Although it is recommended to validate your site in Google Search Console both at a domain level and individual URL prefix, you might want a quick way to check your domain property for indexed subdomains or HTTP/HTTPs variations.


This is a quick way to identify subdomains that you might not know are indexed.

  • https? matches http or https
  • \/?$ ends with trailing slash or not.

Compare Regular Expressions

You might want to compare pages or queries based on RegExes.

You can use the compare filter with regular expressions too.

Understand User Intent

Show queries that defines different user intent.



and more coming from Steve Toth:

who|what|where|when|why|how|was|did|do|is|are|aren’t|won’t|does|if|can|could|should|would|won’t|were|weren’t|shouldn’t|couldn’t|cannot|can’t|didn’t|did not|does|doesn’t|wouldn’t


See (Match Branded Terms).






Case Insensitive Queries

Want to make queries case insensitive? Add (?i) at the start of the expression. Thanks Charly Wargnier for the tip (buy the man a coffee).

(?i)^(who|what|where|when|why|how)[" "]

Match Branded Terms

Often people searches have spelling mistakes in them. You can properly evaluate brand searches with regular expressions.

Let’s make an example with Linkedin possible misspellings.

  • lnkedin, linkeidn, linkden, linedin, linkein, likedin, linkin, linkedin, linkd, amazon linkedn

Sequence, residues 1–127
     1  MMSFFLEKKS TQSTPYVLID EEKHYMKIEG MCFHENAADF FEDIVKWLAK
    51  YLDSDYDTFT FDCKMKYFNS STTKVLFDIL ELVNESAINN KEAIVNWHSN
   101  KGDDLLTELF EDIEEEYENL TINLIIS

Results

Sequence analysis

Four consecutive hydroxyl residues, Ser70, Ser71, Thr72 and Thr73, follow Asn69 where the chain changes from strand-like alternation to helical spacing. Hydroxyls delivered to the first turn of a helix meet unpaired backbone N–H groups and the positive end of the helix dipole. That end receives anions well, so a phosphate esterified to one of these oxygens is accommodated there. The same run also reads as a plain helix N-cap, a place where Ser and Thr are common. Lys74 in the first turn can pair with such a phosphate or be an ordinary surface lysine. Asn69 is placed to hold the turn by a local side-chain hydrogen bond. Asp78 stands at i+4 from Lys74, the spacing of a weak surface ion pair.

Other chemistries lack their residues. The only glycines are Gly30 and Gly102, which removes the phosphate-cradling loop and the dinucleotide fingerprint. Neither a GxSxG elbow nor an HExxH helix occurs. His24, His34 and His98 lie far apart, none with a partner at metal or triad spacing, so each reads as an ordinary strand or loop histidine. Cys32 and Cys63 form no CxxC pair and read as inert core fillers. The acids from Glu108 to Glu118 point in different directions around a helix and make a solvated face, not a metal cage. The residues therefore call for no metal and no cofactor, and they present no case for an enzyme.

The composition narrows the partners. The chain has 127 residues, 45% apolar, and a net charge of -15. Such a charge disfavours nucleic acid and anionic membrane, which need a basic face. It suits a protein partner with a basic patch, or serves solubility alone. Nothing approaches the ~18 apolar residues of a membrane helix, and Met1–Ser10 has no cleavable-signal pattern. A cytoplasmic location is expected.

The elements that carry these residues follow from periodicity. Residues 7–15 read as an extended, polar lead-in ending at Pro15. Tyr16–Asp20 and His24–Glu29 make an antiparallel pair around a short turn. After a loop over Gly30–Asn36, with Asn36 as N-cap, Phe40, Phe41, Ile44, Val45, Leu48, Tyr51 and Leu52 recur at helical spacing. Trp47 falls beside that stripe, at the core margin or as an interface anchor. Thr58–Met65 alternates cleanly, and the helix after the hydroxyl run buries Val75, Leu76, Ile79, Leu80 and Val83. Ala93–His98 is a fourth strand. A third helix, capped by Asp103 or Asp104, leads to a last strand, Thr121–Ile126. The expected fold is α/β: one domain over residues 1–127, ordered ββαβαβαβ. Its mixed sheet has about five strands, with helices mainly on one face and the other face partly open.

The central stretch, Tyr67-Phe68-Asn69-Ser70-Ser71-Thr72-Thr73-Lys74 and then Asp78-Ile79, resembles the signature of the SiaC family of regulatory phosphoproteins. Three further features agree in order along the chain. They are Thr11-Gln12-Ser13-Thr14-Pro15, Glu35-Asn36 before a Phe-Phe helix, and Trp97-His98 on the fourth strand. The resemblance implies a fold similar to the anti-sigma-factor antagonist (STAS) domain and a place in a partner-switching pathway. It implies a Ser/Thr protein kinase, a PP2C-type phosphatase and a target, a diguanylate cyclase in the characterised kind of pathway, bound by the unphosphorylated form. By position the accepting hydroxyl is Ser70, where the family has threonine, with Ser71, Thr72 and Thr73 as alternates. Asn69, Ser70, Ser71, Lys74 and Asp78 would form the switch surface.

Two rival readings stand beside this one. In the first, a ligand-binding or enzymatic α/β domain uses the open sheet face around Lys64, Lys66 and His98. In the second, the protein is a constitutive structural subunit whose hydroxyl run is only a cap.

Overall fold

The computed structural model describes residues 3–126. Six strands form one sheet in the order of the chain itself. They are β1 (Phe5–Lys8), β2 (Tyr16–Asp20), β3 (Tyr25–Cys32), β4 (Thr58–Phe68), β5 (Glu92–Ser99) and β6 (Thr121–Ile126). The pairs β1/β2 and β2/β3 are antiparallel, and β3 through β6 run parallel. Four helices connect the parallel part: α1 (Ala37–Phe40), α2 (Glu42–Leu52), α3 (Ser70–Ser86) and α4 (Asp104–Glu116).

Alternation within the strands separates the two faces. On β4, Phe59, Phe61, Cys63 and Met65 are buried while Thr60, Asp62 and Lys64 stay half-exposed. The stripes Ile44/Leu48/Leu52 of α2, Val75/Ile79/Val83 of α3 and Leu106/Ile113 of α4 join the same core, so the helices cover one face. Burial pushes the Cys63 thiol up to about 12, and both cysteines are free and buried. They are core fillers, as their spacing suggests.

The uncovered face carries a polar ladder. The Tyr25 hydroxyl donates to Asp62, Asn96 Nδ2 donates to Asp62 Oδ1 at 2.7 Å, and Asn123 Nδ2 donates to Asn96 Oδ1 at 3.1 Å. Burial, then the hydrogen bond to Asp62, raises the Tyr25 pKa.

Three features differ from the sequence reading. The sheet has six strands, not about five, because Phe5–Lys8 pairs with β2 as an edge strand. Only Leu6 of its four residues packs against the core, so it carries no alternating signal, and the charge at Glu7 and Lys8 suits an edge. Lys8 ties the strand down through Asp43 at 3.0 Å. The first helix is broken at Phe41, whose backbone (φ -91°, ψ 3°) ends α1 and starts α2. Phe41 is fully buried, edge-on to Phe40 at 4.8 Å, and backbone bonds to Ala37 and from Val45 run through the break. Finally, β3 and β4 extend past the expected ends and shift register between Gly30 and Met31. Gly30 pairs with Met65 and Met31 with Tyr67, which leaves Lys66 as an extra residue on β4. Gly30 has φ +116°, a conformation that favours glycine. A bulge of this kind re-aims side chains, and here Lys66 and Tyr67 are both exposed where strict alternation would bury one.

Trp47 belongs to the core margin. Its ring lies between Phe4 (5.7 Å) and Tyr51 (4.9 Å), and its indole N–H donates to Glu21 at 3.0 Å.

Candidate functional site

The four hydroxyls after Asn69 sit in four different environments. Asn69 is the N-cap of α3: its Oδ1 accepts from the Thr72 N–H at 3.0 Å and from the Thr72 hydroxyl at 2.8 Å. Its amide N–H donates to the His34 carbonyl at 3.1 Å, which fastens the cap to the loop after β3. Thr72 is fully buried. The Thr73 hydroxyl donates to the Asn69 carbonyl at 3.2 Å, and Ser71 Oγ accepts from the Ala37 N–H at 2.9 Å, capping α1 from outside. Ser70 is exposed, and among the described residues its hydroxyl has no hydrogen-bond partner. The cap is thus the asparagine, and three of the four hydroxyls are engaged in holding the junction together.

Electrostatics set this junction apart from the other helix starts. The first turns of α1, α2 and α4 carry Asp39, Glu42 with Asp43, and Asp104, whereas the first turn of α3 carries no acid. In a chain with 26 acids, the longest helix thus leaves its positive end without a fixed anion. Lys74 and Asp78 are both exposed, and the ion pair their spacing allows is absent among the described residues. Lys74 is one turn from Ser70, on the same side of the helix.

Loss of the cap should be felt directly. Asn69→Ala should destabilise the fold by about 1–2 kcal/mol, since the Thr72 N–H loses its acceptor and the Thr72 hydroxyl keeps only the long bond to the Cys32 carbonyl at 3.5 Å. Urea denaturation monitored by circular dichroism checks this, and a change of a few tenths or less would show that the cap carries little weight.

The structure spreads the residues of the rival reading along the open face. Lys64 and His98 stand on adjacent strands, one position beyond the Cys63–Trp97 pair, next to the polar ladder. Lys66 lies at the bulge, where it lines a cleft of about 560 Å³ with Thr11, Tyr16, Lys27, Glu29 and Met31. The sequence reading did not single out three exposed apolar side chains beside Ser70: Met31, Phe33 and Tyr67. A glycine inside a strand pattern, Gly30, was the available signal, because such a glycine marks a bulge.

You could be string with a long regex:


You could be very large at the risk of adding errors into it:

Or be more specific.


Multiple patterns can do.


Compare Brand VS Non-Brand Traffic

Check for Potential Content Injections

Content injection is a hack that injects webpages into your site including specific keywords. Here is an idea how you can check for common ones on your site.

Use this regex in the pages regular expression to check if it matches.


Could also check special characters or not-available-yet solution of looking for foreign characters in urls.

Check WordPress Admin URLs

Pretty straight forward, check WordPress admin pages that seemed indexed.


Edge Case Scenarios

Show Postcodes in URLs

I came across a case where I needed to list URLs that ended with a postcode.

In UK, postcodes consist of one or two letters, followed by one digit, two digits, or one digit and one letter.

  • [A-Za-z]{1,2}: Matches one or 2 letters
  • \d{1,2}: Matches one or 2 numbers
  • \d[A-Za-z]: Matches a number and a letter
  • ( pat1 | pat2 ): Grouping of OR patterns

Should Work but Doesn’t

Foreign Characters in URLs

According to the Re2 documentation, unicode character classes like this should work:


This would be useful to identify URL patterns that have some of the foreign characters that are the most commonly used in content injection hacks.


It works with Query RegExes, but it doesn’t work with URLs.

From the Community

There are a lot of other great ideas out there, share them with me and I’ll post them here.

A/B Testing


Here’s one for e-Commerce stores.

Additional RegExes

Some additional regular expressions for GSC from this post (thanks Mike Ciffone)

# Matches URL slug

# All urls within /page 

# All urls between a certain slug and ending

# Matches all queries containing a specific term (all work)

# Matches all queries containing "blue shoe" or "blue shoes"
(\W|^)blue\s{0,3}shoe(s){0,1}(\W|$) //works

# Matches all queries that contain "Ciffone" or "Ciffone Digital"
^.*(ciffone|ciffone digital).*$

# Match Word or Phrase in a List

Other Articles in the Series on Google Search Console

Other Resources

Google’s examples of regular expressions for Google Search Console

#performanceregex on twitter


This is it, you now know how to use regular expressions with Google Search Console